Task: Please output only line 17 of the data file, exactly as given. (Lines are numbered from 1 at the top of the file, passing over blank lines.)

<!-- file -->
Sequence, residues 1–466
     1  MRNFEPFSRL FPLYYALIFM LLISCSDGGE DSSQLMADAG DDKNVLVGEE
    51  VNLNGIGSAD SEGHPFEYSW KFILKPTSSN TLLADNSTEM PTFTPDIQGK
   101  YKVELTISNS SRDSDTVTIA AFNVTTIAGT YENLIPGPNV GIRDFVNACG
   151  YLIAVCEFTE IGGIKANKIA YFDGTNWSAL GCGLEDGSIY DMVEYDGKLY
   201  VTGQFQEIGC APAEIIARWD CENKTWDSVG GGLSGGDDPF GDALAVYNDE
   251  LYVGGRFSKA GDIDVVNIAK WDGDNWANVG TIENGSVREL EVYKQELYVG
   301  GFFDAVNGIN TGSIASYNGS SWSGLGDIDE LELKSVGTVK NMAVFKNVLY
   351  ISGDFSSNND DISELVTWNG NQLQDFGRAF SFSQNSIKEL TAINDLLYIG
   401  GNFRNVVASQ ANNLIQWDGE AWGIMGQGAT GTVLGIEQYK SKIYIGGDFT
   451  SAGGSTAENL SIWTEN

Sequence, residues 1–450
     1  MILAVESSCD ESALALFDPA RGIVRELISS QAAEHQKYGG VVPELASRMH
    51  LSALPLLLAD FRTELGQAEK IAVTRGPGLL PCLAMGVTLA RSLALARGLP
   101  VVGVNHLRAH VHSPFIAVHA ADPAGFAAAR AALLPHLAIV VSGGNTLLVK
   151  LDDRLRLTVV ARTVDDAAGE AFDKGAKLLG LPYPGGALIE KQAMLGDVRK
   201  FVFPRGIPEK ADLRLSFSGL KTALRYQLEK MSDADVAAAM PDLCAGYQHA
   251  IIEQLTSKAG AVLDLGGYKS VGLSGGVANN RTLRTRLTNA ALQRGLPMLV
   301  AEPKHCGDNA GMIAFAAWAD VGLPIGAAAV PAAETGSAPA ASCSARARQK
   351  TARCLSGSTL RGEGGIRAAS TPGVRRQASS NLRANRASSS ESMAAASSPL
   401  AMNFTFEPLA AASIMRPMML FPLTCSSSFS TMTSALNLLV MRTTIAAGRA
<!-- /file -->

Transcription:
   201  FVFPRGIPEK ADLRLSFSGL KTALRYQLEK MSDADVAAAM PDLCAGYQHA